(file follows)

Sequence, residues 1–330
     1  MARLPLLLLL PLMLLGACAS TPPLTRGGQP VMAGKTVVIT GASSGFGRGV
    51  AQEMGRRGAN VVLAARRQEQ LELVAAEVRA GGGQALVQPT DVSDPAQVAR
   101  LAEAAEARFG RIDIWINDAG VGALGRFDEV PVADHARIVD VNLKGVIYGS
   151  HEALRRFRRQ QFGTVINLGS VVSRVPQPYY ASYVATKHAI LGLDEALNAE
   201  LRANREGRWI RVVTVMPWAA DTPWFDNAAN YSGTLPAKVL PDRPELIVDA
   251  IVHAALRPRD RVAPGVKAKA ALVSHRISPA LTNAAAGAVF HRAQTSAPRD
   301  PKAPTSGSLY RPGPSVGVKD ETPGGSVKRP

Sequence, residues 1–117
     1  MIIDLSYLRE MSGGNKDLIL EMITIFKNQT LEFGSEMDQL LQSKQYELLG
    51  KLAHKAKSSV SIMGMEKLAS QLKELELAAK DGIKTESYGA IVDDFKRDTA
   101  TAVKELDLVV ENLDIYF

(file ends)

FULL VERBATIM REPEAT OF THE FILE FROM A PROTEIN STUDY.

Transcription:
Sequence, residues 1–330
     1  MARLPLLLLL PLMLLGACAS TPPLTRGGQP VMAGKTVVIT GASSGFGRGV
    51  AQEMGRRGAN VVLAARRQEQ LELVAAEVRA GGGQALVQPT DVSDPAQVAR
   101  LAEAAEARFG RIDIWINDAG VGALGRFDEV PVADHARIVD VNLKGVIYGS
   151  HEALRRFRRQ QFGTVINLGS VVSRVPQPYY ASYVATKHAI LGLDEALNAE
   201  LRANREGRWI RVVTVMPWAA DTPWFDNAAN YSGTLPAKVL PDRPELIVDA
   251  IVHAALRPRD RVAPGVKAKA ALVSHRISPA LTNAAAGAVF HRAQTSAPRD
   301  PKAPTSGSLY RPGPSVGVKD ETPGGSVKRP

Sequence, residues 1–117
     1  MIIDLSYLRE MSGGNKDLIL EMITIFKNQT LEFGSEMDQL LQSKQYELLG
    51  KLAHKAKSSV SIMGMEKLAS QLKELELAAK DGIKTESYGA IVDDFKRDTA
   101  TAVKELDLVV ENLDIYF